Republicans in Congress return to the capitol Monday, where they will face their self-appointed task of repealing and replacing Obamacare despite increasing difficulty, according to CNN.
"I don't know if we're going to be able to repeal Obamacare now because these folks who support Obamacare are very active, they're putting pressure on congressmen and there's not a counter-effort to steel the spine of some of these congressmen in tossup districts around the country," Republican Rep. Mo Brooks of Alabama said in a radio interview Thursday on WBHP 800's "The Morning Show with Toni & Gary."
"And you may not even see a vote to repeal Obamacare, you might see something where they call it a repeal but really it's an amendment," he added.
"In my judgment, we don't have the votes in Congress to pass a repeal bill, in part because of what these people are doing."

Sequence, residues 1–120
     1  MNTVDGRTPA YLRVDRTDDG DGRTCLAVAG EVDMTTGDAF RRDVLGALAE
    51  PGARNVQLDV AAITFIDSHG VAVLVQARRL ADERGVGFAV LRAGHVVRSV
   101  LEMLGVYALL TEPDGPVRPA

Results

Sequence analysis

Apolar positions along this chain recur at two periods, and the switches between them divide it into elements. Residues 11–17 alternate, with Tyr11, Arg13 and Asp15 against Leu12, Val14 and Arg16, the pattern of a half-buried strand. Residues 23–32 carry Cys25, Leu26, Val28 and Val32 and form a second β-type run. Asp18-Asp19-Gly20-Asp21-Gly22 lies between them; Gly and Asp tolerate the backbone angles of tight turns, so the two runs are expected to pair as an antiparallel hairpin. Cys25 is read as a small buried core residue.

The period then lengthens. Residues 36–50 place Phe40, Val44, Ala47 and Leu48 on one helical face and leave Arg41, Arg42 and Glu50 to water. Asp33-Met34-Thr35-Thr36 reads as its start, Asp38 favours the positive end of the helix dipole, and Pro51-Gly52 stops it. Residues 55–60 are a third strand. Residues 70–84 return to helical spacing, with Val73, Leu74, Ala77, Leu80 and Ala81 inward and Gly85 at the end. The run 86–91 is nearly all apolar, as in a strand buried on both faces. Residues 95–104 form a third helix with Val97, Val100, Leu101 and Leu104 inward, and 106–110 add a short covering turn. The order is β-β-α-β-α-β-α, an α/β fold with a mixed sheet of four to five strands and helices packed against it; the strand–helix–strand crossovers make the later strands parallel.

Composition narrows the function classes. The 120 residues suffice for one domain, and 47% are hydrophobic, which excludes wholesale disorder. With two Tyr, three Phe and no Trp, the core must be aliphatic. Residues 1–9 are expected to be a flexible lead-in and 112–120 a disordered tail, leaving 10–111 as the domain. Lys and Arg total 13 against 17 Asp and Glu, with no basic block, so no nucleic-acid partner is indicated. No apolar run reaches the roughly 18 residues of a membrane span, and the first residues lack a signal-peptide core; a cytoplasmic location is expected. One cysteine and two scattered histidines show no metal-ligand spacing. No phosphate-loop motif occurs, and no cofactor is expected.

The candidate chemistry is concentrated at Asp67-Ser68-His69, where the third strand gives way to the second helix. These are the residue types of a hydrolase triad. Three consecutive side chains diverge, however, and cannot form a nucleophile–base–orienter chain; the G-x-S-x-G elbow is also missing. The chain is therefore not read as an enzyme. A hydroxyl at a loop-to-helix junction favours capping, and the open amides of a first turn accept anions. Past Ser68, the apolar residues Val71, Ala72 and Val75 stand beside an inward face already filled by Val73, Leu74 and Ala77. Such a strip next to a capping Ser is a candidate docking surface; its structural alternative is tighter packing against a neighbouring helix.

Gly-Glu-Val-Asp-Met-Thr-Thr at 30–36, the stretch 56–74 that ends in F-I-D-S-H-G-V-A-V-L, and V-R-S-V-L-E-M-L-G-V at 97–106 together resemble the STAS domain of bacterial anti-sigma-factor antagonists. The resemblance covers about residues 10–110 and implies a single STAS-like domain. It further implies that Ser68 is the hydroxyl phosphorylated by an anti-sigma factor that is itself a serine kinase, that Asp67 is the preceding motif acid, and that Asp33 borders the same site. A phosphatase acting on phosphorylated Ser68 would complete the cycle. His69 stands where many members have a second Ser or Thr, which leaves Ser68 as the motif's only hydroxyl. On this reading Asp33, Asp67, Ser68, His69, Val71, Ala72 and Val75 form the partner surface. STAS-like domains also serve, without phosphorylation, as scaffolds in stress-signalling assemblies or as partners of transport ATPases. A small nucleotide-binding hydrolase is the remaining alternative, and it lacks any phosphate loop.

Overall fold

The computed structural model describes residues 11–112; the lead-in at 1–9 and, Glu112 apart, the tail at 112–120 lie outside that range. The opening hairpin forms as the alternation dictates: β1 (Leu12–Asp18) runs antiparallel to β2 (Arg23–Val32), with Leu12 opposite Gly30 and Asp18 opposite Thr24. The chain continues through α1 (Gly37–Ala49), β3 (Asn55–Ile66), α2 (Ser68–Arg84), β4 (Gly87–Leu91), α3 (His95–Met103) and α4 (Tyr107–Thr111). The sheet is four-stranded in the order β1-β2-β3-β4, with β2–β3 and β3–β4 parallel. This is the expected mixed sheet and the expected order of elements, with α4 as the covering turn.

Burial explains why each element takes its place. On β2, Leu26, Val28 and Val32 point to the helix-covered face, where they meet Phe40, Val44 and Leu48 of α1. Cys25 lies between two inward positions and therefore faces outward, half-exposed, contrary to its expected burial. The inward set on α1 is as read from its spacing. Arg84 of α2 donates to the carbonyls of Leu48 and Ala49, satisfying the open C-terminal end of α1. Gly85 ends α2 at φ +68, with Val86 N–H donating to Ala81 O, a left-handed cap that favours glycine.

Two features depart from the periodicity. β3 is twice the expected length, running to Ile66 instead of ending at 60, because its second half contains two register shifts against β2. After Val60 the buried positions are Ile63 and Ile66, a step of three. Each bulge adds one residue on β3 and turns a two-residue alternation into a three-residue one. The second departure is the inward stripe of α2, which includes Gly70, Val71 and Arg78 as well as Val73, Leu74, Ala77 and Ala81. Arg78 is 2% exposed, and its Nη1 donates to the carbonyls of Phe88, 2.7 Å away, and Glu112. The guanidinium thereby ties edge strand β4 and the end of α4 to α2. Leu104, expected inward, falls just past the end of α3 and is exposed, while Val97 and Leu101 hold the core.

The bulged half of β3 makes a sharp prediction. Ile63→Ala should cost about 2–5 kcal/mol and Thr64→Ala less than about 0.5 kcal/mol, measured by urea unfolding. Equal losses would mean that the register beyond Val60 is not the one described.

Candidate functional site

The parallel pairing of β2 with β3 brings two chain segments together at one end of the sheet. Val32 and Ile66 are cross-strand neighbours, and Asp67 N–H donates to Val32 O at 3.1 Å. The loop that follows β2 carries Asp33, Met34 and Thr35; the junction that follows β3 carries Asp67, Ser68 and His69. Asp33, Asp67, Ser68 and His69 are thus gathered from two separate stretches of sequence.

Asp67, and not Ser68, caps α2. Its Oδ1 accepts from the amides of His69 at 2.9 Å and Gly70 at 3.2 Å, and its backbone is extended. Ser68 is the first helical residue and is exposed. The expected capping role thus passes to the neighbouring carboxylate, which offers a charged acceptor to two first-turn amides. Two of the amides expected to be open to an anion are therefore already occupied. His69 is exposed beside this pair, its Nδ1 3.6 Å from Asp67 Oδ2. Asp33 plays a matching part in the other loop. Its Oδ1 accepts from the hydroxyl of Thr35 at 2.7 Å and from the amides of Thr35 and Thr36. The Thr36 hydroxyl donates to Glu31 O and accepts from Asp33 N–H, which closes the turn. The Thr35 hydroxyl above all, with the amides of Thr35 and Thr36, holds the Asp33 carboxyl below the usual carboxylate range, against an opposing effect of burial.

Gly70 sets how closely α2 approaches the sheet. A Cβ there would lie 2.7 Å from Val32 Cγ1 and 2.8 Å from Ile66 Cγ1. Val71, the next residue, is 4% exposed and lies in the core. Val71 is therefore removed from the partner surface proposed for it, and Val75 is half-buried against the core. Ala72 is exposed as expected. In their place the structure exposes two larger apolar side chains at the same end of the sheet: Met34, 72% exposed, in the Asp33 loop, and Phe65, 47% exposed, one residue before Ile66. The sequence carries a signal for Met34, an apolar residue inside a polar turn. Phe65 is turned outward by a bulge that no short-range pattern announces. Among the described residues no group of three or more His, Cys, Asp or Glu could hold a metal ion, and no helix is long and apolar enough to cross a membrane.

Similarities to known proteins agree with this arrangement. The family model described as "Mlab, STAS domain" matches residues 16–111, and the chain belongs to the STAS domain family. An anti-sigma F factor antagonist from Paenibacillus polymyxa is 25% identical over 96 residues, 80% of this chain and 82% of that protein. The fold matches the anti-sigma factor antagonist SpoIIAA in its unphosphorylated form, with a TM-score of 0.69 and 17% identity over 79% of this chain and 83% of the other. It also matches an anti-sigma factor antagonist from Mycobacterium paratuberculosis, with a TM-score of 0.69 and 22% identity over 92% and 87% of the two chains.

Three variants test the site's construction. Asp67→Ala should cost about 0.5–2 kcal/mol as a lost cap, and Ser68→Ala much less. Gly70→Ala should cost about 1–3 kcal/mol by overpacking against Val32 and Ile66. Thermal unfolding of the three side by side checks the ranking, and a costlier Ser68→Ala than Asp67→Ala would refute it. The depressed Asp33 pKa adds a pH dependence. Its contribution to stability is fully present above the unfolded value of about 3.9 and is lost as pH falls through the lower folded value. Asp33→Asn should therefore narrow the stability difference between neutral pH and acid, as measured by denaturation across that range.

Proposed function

Arkansas Gov. Asa Hutchinson talked to CNN on Saturday, where he mentioned GOP Sen. Tom Cotton's town hall in northwest Arkansas last week, where the audience eventually began chanting "do your job! Do your job!"
"Any time you have 2,000 Arkansans show up at a town hall meeting, that gets people's attention, and particularly politicians," said Hutchinson. "And I think you have to understand that this is reflecting voter intensity. They are very concerned."
He added: "There's nothing more precious to you than healthcare, whether you have an individual policy or whether it's an employer policy or whether it's Medicaid."
Ohio Gov. John Kasich has said it's "not acceptable" to remove the Medicaid expansion that his state accepted, and asked moderate Republicans to work with Democrats to preserve this part of the healthcare law.
"I think there are some very conservative Republicans in the House who are going to say just get rid of the whole thing. And that's not acceptable when you have 20 million people, or 700,000 people in my state, because where do the mentally ill go? Where do the drug addicted go?" Kasich said on Friday, according to The Columbus Dispatch.
Wisconsin Gov. Scott Walker told The Washington Post Friday that "the concern of governors alike, not just Republican governors, but governors on either side of the aisle is: Give us a base, give us a foundation upon which we could help slow the curve. But you can't cut Medicaid. There's no way about it."
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